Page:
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Paving an enlightened path to anyons and quantum computation

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If you have a question about this talk, please contact Domi Baretic.

In a 3D world, all fundamental particles fall into one of two categories: those that behave like photons which make up light, and those that behave like electrons which make up matter. However, more exotic particles can arise in 2D, called anyons, which could form the hardware of future quantum computers, thanks to their fractional exchange statistics. Directly observing anyons is a major challenge of contemporary physics. In this talk, I will present a newly-developed protocol for preparing anyons in an optical cavity built by carefully aligning a set of high-quality mirrors. I will explain how one can drive the cavity with lasers to inject photons one by one, building up a “fractional quantum Hall” state. Additional lasers are used to create anyonic “hole” excitations and move them around one another. The resulting phases are measured by interferometry. I will discuss the challenges of implementing the protocol by analyzing experimental constraints.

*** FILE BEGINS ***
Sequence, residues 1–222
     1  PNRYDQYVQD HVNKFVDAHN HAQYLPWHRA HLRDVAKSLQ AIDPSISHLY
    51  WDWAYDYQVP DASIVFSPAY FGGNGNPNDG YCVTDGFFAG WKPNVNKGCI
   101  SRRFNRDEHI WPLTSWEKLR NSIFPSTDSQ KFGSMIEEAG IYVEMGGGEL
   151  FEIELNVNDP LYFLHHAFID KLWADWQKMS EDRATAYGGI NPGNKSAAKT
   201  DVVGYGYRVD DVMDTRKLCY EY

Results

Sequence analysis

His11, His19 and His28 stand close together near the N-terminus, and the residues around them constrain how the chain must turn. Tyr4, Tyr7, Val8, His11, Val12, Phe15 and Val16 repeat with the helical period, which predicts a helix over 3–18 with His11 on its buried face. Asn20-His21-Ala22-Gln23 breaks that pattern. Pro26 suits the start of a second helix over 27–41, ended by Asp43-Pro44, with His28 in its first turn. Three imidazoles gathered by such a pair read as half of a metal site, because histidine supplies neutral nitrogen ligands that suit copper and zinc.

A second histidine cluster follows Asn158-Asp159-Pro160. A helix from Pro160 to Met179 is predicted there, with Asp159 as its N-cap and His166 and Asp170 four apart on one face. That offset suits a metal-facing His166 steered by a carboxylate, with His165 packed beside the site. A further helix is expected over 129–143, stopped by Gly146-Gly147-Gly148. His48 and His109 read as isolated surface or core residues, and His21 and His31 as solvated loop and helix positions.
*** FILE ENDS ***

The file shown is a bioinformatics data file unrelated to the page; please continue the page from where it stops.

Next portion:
This talk is part of the Darwin College Sciences Group series.

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